- At the beginning of the day, participants were given a document containing 21 “reflection points” that briefly summarize concrete steps that can be taken at a local level to address clergy sexual abuse. You can view those points here. Pope Francis said that these ideas were compiled from the suggestions of various episcopal conferences and that they are meant to be a starting point for dialogue. At the press briefing later in the day, Archbishop Scicluna hesitated to call them “orders” from the Holy Father, but these points definitely seemed to be designed to offer basic guidelines for bishops to set policy on the local level. Most of these steps (such as codes of conduct for church personnel, background checks, reporting mechanisms, and psychological screening for seminarians) are already established policy in the United States but would be new procedures in other parts of the world.

- One point on this list that seemed to take many by surprise was the suggestion to raise the universal minimum age for marriage under canon law to 16 years old. (Apparently right now the minimum age is 16 for boys and 14 for girls.) There seemed to be some confusion among American and European prelates and journalists about the reason this point was included in a statement about clerical abuse. However, during the press briefing, Archbishop Coleridge of Brisbane, Australia commented that an African bishop told him that in his country, once a girl was of “marriageable age,” sexual contact was no longer considered abuse. It may be that this particular suggestion came from bishops of Africa, who thought changing the canonical age for marriage would better protect 14 and 15 year old girls from abuse.

- Prerecorded video testimonies were given by five abuse victims from around the world. Honoring the request of these victims, their identities were not revealed to the public and only a written text was made available to the press. It seems that these stories were meant to make a strong impression on the participants and to give an appropriate gravitas to the following conversations. In the press briefing, summit organizer Father Hans Zollner emphasized how important it was to have survivors from different countries and cultures speak, so that all participants would be clear that clergy sexual abuse is a universal problem. This issue came up, in subtle ways, throughout the day; it seems that the meeting organizers are aware that bishops from some areas of the world are not convinced of the seriousness or universality of the problem. Organizers clearly hope that this meeting will change their minds. (The worldwide, multicultural nature of the Catholic Church does make any unified effort more complex. I hope to write more on this challenge in a future post.)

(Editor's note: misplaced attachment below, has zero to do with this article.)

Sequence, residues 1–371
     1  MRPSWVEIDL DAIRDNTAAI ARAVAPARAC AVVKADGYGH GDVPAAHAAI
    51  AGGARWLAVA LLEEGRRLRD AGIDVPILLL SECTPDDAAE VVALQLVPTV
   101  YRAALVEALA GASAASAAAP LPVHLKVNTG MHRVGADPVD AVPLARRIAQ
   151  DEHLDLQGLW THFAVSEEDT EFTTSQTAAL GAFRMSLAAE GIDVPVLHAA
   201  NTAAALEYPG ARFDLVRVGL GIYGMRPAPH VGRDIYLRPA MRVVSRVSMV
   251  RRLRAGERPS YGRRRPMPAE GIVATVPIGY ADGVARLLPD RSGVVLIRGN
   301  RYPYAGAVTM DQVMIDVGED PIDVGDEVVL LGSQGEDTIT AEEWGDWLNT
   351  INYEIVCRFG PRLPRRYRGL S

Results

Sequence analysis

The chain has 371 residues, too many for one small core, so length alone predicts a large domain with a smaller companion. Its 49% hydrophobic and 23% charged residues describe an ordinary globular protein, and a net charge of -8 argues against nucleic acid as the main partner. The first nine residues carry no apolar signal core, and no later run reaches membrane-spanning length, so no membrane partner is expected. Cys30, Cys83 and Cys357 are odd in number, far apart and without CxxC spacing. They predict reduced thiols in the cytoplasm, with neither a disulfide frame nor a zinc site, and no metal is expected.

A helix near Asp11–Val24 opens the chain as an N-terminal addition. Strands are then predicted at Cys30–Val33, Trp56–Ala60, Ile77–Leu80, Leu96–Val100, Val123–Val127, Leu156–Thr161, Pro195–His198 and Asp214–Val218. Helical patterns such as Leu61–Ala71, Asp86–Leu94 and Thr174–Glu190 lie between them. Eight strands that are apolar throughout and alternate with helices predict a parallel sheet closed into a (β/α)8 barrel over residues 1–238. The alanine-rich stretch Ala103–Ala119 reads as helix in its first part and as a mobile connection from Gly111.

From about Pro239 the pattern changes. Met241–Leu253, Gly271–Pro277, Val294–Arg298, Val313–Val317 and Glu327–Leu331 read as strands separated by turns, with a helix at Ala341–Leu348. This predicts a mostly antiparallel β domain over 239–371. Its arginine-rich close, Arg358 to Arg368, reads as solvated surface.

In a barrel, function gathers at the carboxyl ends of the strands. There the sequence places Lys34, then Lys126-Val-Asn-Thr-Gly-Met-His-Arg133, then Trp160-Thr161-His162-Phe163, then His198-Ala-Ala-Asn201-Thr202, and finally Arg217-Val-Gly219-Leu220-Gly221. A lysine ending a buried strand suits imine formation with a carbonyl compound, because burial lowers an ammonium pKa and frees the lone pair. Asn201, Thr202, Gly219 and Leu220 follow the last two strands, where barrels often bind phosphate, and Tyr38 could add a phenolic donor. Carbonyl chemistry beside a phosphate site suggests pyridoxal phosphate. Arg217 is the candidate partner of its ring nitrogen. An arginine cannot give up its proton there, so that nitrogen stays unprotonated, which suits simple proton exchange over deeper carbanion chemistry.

- Cardinal Tagle’s reflection on a bishop’s responsibility to heal wounds set a much-needed pastoral tone for the meeting. He was certainly the most dynamic and emotive speaker of the day, even tearing up at a few points during his talk. I appreciate that Tagle began with these strong and challenging words for bishops: “The abuse of minors by ordained ministers has inflicted wounds not only on the victims, but also on their families, the clergy, the Church, the wider society, the perpetrators themselves and the Bishops. But, it is also true, we humbly and sorrowfully admit, that wounds have been inflicted by us bishops on the victims and in fact the entire body of Christ. Our lack of response to the suffering of victims, even to the point of rejecting them and covering up the scandal to protect perpetrators and the institution has injured our people, leaving a deep wound in our relationship with those we are sent to serve.” Many people, myself included, wish that this summit would be giving more attention to the issues of secrecy and cover up, so I am glad that Cardinal Tagle addressed this directly.